He recalls that early on he learned “an expensive, extremely hard lesson” because he didn’t know what he didn’t know.

“I was doing a project for a company. I had specific verbal directions from the company owner to do something on the job and I ended up losing $25,000 on the project. When I sent my bill to the company, the owner asked me where the change order was. I told him he was the one that told me to do this. He said that didn’t matter because it has to be a written change order. I sent one over to him and he told me he was not signing it and wouldn’t pay it.

“You learn a lot that way and those are lessons you don’t forget. You need to always make sure your i's are dotted and your t's are crossed.”

Importance of social media

Acknowledging that the construction industry continues to struggle to find skilled labor, Cotten says he has been successful in using social media to recruit workers.

He points out that social media for recruiting is more efficient, enables a company to increase its visibility and what it has to offer potential to candidates, plus reaches candidates that it would never reach otherwise. “Every single person I have employed right now came to me through social media.”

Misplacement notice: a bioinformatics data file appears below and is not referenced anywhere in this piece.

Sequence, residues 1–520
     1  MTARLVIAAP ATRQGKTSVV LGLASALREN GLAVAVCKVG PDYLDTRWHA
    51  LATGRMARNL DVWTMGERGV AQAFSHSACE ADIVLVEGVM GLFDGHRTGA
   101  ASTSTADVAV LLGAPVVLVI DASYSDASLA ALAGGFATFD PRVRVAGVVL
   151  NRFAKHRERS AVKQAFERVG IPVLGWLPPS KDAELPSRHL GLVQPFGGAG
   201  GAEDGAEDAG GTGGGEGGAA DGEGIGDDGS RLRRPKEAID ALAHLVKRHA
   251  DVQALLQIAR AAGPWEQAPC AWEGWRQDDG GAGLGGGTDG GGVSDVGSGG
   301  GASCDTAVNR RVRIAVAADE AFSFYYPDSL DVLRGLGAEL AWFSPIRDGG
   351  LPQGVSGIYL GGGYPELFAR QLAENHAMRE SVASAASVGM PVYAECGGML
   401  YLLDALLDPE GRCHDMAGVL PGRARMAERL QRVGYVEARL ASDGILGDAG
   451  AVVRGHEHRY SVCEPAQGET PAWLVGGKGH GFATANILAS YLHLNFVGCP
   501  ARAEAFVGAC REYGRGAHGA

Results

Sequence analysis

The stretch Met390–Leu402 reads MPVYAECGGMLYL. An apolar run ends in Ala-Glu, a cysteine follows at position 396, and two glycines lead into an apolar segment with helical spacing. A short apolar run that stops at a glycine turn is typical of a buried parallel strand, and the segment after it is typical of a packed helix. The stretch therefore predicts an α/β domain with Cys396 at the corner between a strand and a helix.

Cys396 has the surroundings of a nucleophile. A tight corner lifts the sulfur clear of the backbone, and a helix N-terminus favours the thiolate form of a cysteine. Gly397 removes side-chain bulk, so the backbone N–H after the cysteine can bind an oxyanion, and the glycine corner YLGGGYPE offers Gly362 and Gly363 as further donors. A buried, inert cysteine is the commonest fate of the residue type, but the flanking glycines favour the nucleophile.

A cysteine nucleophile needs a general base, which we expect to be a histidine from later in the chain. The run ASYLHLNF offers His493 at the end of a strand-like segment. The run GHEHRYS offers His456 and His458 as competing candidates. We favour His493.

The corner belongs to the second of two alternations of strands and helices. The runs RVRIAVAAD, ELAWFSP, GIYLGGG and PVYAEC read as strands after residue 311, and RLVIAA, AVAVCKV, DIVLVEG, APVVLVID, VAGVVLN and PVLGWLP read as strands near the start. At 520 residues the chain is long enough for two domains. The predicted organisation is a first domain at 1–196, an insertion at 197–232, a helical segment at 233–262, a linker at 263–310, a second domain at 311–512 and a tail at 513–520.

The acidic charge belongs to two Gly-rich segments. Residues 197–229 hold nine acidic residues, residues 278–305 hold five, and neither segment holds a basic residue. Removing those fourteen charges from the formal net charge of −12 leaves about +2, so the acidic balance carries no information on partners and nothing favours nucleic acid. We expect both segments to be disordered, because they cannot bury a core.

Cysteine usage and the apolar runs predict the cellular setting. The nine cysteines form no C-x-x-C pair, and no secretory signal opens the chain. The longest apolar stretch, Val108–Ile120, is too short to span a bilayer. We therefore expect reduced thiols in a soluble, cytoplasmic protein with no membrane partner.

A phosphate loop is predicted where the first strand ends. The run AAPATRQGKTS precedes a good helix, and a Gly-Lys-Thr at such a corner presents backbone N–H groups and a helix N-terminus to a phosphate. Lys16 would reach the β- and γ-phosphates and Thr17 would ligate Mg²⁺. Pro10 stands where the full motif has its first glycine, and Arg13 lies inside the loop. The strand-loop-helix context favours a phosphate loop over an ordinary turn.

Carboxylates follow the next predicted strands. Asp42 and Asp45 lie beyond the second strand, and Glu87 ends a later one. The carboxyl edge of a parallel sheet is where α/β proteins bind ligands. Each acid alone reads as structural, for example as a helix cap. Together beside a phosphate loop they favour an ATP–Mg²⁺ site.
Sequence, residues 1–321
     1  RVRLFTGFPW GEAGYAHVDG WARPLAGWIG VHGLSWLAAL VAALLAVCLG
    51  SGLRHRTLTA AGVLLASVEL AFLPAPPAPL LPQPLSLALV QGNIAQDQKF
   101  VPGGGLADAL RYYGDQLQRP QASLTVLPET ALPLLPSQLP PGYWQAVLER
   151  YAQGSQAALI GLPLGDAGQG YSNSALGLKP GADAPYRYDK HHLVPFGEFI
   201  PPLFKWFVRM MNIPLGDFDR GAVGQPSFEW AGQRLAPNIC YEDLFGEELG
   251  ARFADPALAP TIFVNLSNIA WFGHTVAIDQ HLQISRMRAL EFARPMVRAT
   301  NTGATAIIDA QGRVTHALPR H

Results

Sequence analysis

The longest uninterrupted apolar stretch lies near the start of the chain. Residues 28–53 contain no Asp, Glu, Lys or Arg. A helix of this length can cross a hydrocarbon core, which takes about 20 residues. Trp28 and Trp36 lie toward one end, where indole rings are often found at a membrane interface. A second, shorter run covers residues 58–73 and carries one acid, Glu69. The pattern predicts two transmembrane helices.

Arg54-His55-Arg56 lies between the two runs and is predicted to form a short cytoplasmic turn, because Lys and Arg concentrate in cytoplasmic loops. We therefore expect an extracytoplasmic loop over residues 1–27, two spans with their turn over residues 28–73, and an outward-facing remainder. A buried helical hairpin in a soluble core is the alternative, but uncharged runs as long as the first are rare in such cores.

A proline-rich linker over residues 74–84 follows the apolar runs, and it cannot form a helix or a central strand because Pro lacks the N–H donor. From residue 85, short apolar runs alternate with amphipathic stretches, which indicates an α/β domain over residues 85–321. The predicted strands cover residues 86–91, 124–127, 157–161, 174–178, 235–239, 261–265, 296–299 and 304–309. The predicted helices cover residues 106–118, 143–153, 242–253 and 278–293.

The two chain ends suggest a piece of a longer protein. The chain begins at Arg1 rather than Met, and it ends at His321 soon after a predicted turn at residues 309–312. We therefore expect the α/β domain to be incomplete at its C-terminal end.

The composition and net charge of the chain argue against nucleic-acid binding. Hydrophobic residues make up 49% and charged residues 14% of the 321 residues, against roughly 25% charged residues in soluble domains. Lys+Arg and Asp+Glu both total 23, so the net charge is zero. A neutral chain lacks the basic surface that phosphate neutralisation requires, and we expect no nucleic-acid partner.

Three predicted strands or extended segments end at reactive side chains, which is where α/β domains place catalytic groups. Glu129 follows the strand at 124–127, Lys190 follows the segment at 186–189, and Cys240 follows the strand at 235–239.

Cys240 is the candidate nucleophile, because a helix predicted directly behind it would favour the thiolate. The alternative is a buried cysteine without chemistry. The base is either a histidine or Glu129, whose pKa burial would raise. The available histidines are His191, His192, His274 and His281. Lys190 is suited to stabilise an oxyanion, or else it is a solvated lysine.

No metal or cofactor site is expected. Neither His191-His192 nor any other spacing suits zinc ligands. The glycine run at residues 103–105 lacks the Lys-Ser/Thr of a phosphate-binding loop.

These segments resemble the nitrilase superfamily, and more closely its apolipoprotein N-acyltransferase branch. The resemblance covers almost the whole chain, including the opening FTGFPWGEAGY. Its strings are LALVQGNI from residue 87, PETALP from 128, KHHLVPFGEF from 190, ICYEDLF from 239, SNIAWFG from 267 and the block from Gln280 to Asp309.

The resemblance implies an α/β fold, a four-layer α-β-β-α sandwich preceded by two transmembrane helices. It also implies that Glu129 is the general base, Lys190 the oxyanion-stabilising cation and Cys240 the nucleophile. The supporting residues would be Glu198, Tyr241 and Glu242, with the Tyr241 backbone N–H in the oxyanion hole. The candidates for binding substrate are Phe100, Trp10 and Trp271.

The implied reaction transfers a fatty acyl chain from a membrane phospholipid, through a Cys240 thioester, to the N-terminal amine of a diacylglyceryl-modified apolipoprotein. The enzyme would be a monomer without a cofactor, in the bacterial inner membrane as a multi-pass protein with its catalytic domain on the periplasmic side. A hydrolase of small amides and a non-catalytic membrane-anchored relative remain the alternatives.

Ongoing training

Ongoing training is important to help keep his workers developing their skills and becoming more productive and efficient, points out Cotten. “We like training people in the field. The biggest thing for us is giving them opportunities to run the equipment. We had a new guy that wanted to get familiar with the rotators we run. We hauled one into the shop and let him run the machine all weekend.”

Ongoing safety training, he adds, is essential to help workers enhance their ability to recognize risks, prevent workplace injuries and maintain a strong safety culture.

“Every Monday morning we have a safety chat along with an overview of our work for the week. We spend a lot of time going over the basics. For example, we recently reviewed making sure the bucket is on the ground and that all ground engaging tools are in contact with the ground when you get out of the machine.”

Cotten stresses the importance of taking the time to remind workers about safety basics and to help them keep safety in mind at all times and in all situations. “I always stress to my workers that if you are uncomfortable with something, do not do it. I don’t care if a supervisor is telling you to do it, don't do it. This saves a lot of time, cost, and even injury later on.”

Technology increases construction efficiency